This story is starting to have a familiar ring to it: A Florida senator secures funding for a local college in his district, and then finds himself a job there. Such is the case with House Speaker Ray Sansom, a Republican from Destin, Fla., who has come under fire for taking a high-paying position at Northwest Florida State College. As a number of news organizations have pointed out, Sansom helped the college land millions of dollars for construction projects before the offer was made, suggesting to critics a potential conflict of interest.
Other similar stories have caused controversy in Florida, but it’s unfair to disqualify lawmakers from jobs in higher education, argues Bob Richburg, the college’s president. The Legislature is home to real estate agents, teachers and doctors, all of whom have potential professional interests in specific appropriations or changes in state law, he said.
“Where do you stop?” Richburg said. “I don’t believe because you work for a state college or a community college that you should be excluded from being elected to serve in the Legislature.”
Sansom was hired by the college in November as vice president for development and planning, a newly created position that was not publicly advertised. The job, which pays $110,000 a year, is part time.
“We don’t advertise part-time positions,” Richburg said by way of explanation.
“We’re doing it on a part-time basis because of the flexibility that Mr. Sansom needs,” he added.
A similar rationale was given by the University of Florida when it hired state Sen. Mike Haridopolos for a lecturer position in political science that wouldn’t require him to be on campus during legislative sessions. Haridopolos, a rising star in the state Republican Party, did not have a doctorate and made $75,000 a year, $5,000 more than his predecessor, who had a Ph.D. and a higher-ranking title.
Other lawmakers have also found positions in the state’s higher education system, including Sen. Evelyn Lynn, an Ormond Beach Republican who -- under scrutiny -- gave up a lucrative position at a Florida State University research center she helped to fund.
Add to the list former House speaker Marco Rubio, a Republican from Miami who landed a $69,000-per-year job at Florida International University this summer.
No Quid Pro Quo, President Says
Much of the scrutiny on Sansom concerns $25.5 million he helped steer toward Northwest Florida State College during a year when budgets were being cut across the state. The money went in large part toward a student services center building.
The money for the college was drawn from a state tax on utilities that funds education-related construction projects in Florida. Before the last legislative session, community colleges submitted priorities for construction to the State Board of Education, which suggested Northwest Florida State College receive just $1 million this year for planning. The project, however, was “accelerated” to stimulate job growth in Florida’s downward economy, according to a spokeswoman for Sansom.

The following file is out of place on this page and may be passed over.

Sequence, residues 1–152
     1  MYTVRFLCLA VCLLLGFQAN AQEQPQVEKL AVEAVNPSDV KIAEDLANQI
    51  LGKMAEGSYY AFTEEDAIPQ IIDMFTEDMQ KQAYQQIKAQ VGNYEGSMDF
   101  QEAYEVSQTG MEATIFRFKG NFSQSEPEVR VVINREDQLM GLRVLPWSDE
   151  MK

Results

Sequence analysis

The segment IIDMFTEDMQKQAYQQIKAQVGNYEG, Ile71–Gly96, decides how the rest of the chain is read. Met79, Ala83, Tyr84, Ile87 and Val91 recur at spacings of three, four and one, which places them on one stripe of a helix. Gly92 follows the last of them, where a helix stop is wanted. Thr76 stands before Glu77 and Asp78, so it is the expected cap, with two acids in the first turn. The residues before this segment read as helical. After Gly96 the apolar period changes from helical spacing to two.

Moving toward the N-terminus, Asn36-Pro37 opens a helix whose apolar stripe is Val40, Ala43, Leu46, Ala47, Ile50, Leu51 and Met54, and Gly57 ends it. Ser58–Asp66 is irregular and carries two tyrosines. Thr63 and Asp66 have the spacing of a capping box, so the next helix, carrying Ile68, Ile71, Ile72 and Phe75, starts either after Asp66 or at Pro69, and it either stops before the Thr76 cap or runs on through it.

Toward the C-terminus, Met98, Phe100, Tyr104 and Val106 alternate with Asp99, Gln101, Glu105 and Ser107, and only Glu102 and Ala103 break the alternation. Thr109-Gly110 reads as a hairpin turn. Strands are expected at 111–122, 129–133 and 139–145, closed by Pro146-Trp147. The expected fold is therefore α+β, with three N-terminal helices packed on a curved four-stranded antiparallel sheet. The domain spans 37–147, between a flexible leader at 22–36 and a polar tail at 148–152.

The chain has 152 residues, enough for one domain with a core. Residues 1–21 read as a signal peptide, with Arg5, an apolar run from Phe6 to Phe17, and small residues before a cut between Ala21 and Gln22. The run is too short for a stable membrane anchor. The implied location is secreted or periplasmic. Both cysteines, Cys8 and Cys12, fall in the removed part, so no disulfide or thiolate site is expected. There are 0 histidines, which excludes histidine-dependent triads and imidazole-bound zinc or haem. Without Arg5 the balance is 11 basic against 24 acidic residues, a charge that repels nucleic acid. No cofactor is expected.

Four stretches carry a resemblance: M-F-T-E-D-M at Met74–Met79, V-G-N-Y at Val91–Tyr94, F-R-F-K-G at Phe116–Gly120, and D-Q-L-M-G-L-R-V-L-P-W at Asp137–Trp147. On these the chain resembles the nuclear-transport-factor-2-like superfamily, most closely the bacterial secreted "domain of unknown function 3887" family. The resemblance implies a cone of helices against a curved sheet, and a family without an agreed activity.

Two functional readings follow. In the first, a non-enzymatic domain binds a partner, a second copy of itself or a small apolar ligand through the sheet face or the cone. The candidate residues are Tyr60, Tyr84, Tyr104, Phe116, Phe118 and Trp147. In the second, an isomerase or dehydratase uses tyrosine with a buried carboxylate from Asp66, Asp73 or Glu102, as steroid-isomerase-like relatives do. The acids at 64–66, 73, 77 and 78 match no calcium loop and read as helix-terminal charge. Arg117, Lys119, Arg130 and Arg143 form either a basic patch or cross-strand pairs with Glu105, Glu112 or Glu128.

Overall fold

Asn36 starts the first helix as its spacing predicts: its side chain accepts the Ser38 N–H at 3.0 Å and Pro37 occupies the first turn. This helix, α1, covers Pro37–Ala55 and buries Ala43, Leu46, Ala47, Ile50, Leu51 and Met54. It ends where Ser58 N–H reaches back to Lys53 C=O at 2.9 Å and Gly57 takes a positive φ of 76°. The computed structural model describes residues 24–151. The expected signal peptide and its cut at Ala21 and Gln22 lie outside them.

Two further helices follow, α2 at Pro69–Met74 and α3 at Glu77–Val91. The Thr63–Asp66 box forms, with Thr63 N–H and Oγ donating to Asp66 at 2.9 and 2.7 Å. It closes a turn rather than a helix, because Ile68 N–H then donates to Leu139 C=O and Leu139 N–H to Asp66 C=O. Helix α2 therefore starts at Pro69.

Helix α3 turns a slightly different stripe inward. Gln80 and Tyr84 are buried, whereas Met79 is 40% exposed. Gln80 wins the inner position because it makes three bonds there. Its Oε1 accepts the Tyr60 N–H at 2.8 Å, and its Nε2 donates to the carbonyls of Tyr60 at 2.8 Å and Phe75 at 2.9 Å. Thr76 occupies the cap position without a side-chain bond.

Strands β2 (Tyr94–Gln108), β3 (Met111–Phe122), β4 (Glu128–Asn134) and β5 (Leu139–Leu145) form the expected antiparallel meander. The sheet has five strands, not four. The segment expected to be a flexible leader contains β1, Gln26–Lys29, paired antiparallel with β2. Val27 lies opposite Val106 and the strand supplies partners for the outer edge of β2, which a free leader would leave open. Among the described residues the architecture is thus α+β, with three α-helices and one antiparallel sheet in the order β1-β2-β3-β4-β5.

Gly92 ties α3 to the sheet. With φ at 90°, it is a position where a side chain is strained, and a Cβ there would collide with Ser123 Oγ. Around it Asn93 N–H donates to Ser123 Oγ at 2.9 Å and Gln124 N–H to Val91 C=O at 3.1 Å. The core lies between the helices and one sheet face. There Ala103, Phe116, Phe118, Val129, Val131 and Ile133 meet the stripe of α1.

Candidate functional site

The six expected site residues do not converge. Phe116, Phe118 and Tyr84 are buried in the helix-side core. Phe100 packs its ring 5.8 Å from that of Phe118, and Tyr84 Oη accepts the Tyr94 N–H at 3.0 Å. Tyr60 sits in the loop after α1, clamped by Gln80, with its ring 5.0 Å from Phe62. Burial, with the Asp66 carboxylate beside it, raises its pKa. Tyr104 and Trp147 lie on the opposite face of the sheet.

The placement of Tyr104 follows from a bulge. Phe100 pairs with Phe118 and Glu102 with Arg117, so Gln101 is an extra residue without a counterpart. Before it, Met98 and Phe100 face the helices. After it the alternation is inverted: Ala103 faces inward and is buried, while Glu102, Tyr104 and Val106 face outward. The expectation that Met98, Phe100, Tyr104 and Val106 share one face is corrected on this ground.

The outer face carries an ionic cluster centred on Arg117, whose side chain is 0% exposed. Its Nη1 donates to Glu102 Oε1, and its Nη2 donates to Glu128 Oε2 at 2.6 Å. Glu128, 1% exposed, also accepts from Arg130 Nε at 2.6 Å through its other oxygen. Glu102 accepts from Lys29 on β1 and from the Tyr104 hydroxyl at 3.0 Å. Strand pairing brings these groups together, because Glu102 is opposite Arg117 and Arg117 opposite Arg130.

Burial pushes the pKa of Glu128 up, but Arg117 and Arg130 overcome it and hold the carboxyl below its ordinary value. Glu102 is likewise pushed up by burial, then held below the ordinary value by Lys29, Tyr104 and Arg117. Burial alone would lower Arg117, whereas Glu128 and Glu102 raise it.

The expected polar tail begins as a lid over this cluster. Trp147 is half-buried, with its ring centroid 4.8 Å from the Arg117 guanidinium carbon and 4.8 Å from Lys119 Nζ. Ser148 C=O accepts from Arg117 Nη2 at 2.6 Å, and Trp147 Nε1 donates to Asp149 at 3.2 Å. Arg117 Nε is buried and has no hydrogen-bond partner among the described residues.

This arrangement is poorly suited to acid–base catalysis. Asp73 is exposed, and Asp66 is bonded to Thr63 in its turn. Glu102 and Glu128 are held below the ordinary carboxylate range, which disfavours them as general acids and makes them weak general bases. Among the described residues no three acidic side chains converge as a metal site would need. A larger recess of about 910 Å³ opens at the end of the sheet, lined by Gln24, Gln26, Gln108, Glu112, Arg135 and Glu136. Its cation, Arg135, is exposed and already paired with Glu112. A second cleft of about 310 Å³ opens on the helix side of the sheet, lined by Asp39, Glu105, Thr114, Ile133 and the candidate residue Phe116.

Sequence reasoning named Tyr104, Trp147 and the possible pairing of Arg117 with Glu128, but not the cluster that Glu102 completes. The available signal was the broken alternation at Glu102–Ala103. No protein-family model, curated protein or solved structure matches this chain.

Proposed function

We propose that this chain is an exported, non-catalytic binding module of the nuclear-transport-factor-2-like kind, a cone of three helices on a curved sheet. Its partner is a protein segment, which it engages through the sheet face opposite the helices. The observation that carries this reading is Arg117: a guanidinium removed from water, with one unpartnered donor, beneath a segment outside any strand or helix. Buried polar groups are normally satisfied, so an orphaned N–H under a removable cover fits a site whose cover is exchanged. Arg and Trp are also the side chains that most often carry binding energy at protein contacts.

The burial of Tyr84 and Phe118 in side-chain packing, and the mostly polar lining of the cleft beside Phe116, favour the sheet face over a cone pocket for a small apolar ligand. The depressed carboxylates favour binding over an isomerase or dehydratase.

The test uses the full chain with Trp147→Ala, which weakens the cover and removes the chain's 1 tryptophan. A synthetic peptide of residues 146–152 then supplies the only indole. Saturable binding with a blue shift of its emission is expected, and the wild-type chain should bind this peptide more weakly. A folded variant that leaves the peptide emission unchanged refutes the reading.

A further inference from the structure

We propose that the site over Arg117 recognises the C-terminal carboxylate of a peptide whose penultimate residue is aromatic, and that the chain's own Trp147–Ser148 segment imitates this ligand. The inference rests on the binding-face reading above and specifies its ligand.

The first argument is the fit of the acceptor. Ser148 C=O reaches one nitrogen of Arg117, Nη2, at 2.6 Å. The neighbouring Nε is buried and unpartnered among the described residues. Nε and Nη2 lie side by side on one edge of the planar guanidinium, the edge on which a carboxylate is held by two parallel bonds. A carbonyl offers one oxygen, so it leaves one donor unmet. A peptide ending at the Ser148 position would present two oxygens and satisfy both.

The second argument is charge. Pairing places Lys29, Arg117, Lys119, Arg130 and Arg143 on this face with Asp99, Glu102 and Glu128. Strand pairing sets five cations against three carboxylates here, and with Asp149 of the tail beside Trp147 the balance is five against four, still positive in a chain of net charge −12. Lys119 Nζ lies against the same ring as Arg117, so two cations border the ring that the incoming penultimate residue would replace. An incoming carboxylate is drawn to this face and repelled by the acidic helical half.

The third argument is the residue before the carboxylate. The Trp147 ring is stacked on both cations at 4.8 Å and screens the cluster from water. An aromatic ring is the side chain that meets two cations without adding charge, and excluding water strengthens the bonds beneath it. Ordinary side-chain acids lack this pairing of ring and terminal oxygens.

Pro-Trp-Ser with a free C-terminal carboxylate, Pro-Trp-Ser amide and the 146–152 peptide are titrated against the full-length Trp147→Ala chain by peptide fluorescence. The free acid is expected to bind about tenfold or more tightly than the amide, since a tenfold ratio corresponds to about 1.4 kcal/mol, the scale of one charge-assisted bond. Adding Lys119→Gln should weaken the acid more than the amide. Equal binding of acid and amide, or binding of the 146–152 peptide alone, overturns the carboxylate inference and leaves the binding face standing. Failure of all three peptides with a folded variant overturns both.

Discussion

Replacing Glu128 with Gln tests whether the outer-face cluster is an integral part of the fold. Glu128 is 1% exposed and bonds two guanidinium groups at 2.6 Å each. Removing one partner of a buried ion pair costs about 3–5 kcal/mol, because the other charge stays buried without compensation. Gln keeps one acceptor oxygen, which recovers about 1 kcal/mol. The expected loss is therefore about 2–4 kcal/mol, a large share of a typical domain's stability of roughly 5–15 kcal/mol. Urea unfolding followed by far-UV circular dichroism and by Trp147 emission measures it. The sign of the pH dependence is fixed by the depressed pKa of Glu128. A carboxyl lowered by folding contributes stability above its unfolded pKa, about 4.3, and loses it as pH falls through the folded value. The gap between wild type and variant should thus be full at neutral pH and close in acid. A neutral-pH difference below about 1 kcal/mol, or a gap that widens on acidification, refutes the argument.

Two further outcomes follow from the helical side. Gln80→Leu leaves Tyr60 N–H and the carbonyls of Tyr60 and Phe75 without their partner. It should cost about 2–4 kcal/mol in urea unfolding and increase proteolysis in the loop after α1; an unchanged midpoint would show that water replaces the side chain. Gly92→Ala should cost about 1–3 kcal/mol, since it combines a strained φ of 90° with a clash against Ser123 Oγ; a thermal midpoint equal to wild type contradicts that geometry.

Jill Chamberlain, spokeswoman for the speaker, noted that it’s within the Legislature’s authority to allocate dollars as they see fit, even if doing so goes against the recommendations of the State Board of Education or the Board of Governors, which submits priorities for universities.
“They have the final authority to do that, subject to the checks of the governor’s veto pen,” she said. “The idea that one project benefits while another one doesn’t, that’s just the way it works in distributing dollars.”
There were a number of projects that received more funding this fiscal year than the Board of Education had asked for, but none saw a windfall like Northwest Florida State College -- and only one came anywhere close. The Legislature approved $18.5 million for Indian River State College’s new science center, a project that the board didn’t even request money for this year. The center will be housed at the college’s Port St. Lucie branch campus, which is situated in the district of former Senate President Ken Pruitt, a Republican and Indian River alumnus -- not an employee, however.
Asked about the money steered toward Northwest Florida State, and the subsequent job offer for Sansom, Richburg bristled at the suggestion of any connection.
“The whole issue of the quid pro quo is just absolutely not there,” he said.
Richburg, who happened to be traveling to Alabama Wednesday, quickly rejected any comparison of the Sansom hire to the scandals in Alabama’s community college system that have led to resignations and even criminal charges.
“This is not a show job,” Richburg said. “This is an absolutely legitimate job. Those situations in Alabama, it’s unfair to compare them to those; many of those were no-show jobs.
“This man will do a job. I will hold him accountable, and the board will hold me to that.”
Sansom, who did not respond to an interview request Wednesday, has been criticized by at least one lawmaker for not answering questions about his new job. Rep. Franklin Sands, the Democratic House leader, issued a statement Monday urging Sansom “to be forthright about his involvement with Northwest Florida State College, and to answer reporters' questions about how he has handled the appropriations process.”
“We do not aim to embarrass a colleague,” Sands’ statement reads. “But we think the Speaker should address these reports. If left to fester, the allegations may cast a haze over the Legislature and its work.”
Sansom is feeling heat from other quarters, too. A column penned by none other than Joe Scarborough, the former Republican Congressman from Florida turned MSNBC pundit, ran in the Pensacola News Journal Wednesday, and reportedly had Tallahassee abuzz.
“The past month has show that my old friend [Sansom] lacks the judgment and character to lead Florida Republicans into the future,” Scarborough wrote.
“Republicans deserve better.
“So does our state.”